How it will affect your business: If you’re planning on bidding on a federal contract, it means you won’t have to publicly reveal any incidents in the last three years where your firm was accused of shorting workers their wages or if there was any safety lapse on your project. If you have had these violations, it means you won’t be penalized during the bidding process by the federal government since they won’t know about any of these issues.

 OUR RECOMMENDATION:  No matter what the regulations are today, they can always change, so be proactive and avoid labor law violations by better managing your workforce. Explore our directory of construction scheduling software to find an option that best fits your business.

3. Infrastructure Plan

What this regulation is: In February, a $1.5 trillion infrastructure plan was unveiled. The 53-page plan would call for $200 billion in federal spending on infrastructure, with the rest covered by state and local governments.

What happened: The plan was unveiled back in February, but there hasn’t been much movement on it since then. A big part of this plan would involve a significant rollback in environmental regulations, and a relaxed Environmental Protection Agency would mean that more construction projects could get off the ground.

Because the plan would only include $200 million in federal dollars, critics argue the plan is unrealistic.

How it will affect your business: Whether this plan will ever turn into a law is a big “if,” but it is certainly something to keep an eye on.

Even if the plan never materializes, the Trump Administration has an appetite for repealing these regulations and could take other avenues to do it. If the regulations were rolled back, that means potentially many more construction projects that your firm could bid on that would not take shape otherwise.

 OUR RECOMMENDATION:  Get some good takeoff software so that you are prepared when an opportunity arises.

Construction Regulations Are Always Changing—Be Prepared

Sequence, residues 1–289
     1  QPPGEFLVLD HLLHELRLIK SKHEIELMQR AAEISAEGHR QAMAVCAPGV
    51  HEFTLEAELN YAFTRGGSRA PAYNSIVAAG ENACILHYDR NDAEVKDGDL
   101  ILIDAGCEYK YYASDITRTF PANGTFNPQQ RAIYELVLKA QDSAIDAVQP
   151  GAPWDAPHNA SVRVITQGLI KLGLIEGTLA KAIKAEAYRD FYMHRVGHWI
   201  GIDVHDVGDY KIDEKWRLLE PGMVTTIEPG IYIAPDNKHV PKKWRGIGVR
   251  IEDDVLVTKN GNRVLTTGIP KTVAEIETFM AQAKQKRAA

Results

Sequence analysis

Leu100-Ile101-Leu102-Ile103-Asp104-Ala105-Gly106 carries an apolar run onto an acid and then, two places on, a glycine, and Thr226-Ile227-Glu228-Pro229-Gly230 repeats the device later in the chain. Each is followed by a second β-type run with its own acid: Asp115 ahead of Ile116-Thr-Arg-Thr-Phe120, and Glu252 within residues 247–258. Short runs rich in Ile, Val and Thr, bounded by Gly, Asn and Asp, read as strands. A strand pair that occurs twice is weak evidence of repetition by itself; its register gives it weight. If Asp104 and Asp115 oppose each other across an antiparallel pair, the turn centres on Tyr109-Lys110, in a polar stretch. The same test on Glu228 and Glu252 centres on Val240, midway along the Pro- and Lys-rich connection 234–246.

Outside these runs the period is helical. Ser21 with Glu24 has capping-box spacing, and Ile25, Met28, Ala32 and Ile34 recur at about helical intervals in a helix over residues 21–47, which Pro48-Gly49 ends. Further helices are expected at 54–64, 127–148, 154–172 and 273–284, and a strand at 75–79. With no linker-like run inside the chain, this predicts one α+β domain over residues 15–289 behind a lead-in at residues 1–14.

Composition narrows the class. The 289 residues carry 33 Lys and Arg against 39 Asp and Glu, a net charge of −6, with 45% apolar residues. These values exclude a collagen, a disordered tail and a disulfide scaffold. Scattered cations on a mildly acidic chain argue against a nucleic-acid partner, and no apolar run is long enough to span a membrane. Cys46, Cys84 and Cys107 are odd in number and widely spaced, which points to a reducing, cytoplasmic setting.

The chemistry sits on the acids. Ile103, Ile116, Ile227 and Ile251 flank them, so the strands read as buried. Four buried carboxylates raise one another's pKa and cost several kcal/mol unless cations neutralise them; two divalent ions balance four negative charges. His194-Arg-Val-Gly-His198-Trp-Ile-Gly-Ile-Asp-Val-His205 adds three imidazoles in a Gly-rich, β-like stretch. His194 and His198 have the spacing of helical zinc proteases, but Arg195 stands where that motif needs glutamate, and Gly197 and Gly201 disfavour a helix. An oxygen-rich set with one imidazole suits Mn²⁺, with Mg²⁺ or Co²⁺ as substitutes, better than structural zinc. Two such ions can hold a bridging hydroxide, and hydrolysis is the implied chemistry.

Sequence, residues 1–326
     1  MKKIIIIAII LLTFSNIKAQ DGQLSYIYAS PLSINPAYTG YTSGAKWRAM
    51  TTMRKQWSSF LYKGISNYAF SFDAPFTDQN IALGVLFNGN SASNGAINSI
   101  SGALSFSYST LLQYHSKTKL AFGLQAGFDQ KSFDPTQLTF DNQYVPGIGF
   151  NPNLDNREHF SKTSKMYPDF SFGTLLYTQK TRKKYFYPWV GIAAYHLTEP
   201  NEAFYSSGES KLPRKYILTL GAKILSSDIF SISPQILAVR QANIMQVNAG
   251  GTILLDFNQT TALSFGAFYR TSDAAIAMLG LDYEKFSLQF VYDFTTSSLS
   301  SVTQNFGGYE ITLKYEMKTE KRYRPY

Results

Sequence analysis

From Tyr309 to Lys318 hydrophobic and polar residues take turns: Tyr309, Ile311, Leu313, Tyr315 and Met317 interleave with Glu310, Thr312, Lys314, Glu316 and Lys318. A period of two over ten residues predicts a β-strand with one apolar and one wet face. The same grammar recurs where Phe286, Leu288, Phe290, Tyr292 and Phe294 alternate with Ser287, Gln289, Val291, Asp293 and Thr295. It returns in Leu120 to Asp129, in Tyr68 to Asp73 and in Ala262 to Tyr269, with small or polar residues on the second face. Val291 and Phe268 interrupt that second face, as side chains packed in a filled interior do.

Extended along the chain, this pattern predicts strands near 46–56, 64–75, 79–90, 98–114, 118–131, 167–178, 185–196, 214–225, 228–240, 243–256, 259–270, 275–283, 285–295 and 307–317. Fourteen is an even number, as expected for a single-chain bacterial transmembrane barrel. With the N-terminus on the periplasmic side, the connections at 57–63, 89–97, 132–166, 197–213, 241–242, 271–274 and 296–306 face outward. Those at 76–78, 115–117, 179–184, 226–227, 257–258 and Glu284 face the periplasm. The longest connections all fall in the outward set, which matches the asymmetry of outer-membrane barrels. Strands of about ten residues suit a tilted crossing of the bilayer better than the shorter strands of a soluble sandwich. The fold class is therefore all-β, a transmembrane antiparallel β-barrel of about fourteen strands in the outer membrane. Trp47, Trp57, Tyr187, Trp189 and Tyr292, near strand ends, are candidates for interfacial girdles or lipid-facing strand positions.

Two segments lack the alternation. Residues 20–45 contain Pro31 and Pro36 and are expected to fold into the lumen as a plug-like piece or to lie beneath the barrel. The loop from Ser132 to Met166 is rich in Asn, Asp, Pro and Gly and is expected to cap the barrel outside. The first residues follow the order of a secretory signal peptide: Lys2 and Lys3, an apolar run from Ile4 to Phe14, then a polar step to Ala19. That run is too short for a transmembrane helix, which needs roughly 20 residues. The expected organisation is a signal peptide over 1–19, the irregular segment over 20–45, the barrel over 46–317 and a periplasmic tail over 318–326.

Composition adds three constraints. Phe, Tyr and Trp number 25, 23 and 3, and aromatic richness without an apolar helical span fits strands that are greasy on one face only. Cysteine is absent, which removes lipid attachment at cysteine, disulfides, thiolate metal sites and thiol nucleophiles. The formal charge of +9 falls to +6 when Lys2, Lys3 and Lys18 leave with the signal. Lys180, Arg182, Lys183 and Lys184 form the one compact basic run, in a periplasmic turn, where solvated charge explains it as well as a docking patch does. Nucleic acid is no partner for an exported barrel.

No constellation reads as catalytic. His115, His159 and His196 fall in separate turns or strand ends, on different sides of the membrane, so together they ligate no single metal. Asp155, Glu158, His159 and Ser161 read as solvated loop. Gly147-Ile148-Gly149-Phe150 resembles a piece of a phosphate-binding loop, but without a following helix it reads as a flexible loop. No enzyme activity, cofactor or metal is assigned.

In the last couple of years, prosecutions of construction firms have been relatively few and far between. Rather than name and shame, as had been more common in the past as a way to motivate unscrupulous firms to abide by the law, today’s OSHA has focused less on enforcement and more on educating and helping employers comply.

Lax enforcement means more margin for error if an accidental lapse in workplace safety leads to an injury or workers are unintentionally shorted on their paychecks.

But it doesn’t mean you’re immune from consequences: OSHA hit a Massachusetts contractor with 18 safety violations and fined them nearly $1.5 million after a trench accident killed two workers in October 2016.

So y**our business has more freedom now—but what about when things inevitably change again? You need to keep up with the shifting regulatory landscape.**

There are very real consequences to not complying with industry regulations, and for not being aware of major movements when it comes to construction regulation.

  • Sit down with your executive team and your workers to discuss your current compliance with regulations and how you can do better.

  • Reach out to a lawyer and conduct an audit of your firm to determine whether you are complying with current regulations or if you are exposed to serious fines and penalties. Even in a deregulated environment, one big fine could crush your business.

  • Monitor the Software Advice “Resources” page for vital updates on the construction industry, including new regulations that impact your business and other advice on how to run your firm effectively in today’s construction industry.